12. Thomas says:

    Psychology researchers at UC Berkeley have been noting and testing this phenomenon. The This American Life radio show reported on it this week: https://overcast.fm/+E24BfP0yI/39:32 “Dacher Keltner: And 0% of the drivers of poor cars zoomed through the pedestrian zone. They all stopped. And 40-some odd percent– 45% of the drivers of the fives, the rich cars, blazed through the pedestrian zone, and just say, the rules don’t apply to me. I’ll carry on.”

    I’ve no idea how to address it yet …

    • Sam Marshall says:

      In Spain you regukarly see signs reminding drivers to pass with a 1.5m gap. I do think it falls to the state to work on attitutdes, much as they have with drink driving. Many things drives consider selfish by cyclists are due to ignorance that it is legal and safer (2 abreast, orimary position).
      Until that happens, your conversation like this one does help, little by little. Thank you and keep talking.

  13. Gavin says:

    This attitude is common even in Cambridge, where 54% of the population cycles regularly (at least once per week).
    I have had incidents which quickly escalated from anything we doing “wrong” (myself & 11yo child cycling along a quiet residential street) to “you cyclists” and threats to kill (myself and child).
    A completely tribal attitude where demonization of the sub-group dominates the logical “I know Dave, he’s a cyclist”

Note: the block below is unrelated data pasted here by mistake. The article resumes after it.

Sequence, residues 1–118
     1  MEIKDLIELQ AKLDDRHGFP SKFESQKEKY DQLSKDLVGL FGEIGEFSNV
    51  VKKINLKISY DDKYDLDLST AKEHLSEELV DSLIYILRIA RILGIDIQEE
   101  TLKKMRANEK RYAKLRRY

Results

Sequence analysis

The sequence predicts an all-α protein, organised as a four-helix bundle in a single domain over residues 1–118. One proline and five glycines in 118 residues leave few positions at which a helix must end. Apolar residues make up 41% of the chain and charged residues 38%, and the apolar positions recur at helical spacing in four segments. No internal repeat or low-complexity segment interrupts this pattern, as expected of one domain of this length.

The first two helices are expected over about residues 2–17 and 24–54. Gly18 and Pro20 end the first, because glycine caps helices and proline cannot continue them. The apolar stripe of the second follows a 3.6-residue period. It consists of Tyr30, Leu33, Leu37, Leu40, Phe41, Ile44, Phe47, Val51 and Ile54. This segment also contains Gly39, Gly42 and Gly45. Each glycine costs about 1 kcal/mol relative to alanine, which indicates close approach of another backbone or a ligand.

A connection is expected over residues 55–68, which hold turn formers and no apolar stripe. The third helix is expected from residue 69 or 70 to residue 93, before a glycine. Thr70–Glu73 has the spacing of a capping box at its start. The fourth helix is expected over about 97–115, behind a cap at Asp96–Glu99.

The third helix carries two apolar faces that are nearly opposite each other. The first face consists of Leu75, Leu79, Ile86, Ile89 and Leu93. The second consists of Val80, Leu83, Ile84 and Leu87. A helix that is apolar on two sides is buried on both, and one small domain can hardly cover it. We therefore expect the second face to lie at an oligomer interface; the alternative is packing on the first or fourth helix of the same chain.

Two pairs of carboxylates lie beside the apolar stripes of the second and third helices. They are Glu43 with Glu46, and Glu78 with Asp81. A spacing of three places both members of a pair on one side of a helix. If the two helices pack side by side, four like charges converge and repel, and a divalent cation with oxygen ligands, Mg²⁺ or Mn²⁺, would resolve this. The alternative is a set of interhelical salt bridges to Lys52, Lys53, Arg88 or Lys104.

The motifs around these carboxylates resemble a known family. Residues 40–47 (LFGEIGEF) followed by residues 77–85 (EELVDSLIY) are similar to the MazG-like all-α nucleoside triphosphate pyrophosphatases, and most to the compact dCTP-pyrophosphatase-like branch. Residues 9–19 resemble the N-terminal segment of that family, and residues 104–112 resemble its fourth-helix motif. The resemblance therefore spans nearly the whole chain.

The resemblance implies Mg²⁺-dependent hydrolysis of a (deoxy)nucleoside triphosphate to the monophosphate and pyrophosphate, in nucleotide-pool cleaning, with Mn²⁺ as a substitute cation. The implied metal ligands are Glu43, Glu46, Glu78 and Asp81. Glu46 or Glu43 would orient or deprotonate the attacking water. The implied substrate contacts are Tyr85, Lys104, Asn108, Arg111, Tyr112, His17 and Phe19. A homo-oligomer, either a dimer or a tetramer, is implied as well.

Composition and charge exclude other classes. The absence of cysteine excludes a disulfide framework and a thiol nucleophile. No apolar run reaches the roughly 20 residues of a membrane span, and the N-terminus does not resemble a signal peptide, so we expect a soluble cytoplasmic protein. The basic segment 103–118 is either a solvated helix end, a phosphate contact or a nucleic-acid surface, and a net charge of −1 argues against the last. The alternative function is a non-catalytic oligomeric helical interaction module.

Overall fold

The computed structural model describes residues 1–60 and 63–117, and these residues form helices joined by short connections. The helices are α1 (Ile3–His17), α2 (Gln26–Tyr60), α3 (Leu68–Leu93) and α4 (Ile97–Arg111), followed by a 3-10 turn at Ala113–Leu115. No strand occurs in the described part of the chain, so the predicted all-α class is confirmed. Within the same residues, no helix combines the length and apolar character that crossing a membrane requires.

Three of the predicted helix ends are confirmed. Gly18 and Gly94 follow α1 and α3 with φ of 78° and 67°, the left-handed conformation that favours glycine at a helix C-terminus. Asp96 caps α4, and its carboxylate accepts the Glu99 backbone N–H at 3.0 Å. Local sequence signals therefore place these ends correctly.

Very reminiscent of my parent in 1970s/80s: had a number of friends/ colleagues from asian backgrounds, but would still rant about “Asians”. “Not Dev, he’s okay”

  14. Sam says:

    I always leave at least 1.5m when overtaking, often significantly more to pass cyclists- as a horse rider myself I feel l can empathise with vulnerable road users but in comparision to horse riders the majority of cyclists seem to not empathise with car drivers. For example accelerating down the hill after I have just waited whilst they climb up a hill to ensure there is sufficient space to pass wide and not cut them up, also not creeping up their back end whilst they struggle up a hill- I show respect for them and yet they then storm off down the hill- not allowing a couple of seconds for me to overtake safely before the next hill. This happens all the time . I live in a hilly area so the respect would be nice if it could go both ways!

    • Diana says:

      Thanks for your comment. To be honest, I probably don’t wait for motorists to overtake me when I’m going downhill. I’ll have to give this some thought although my first thought is that, although my speed does go up when I’m riding downhill, it rarely gets to even 30mph and a car can usually accelerate faster than me. Also, if the cyclist is now going at a speed where you can’t overtake, perhaps you do not need to overtake and could do so when they slow down again?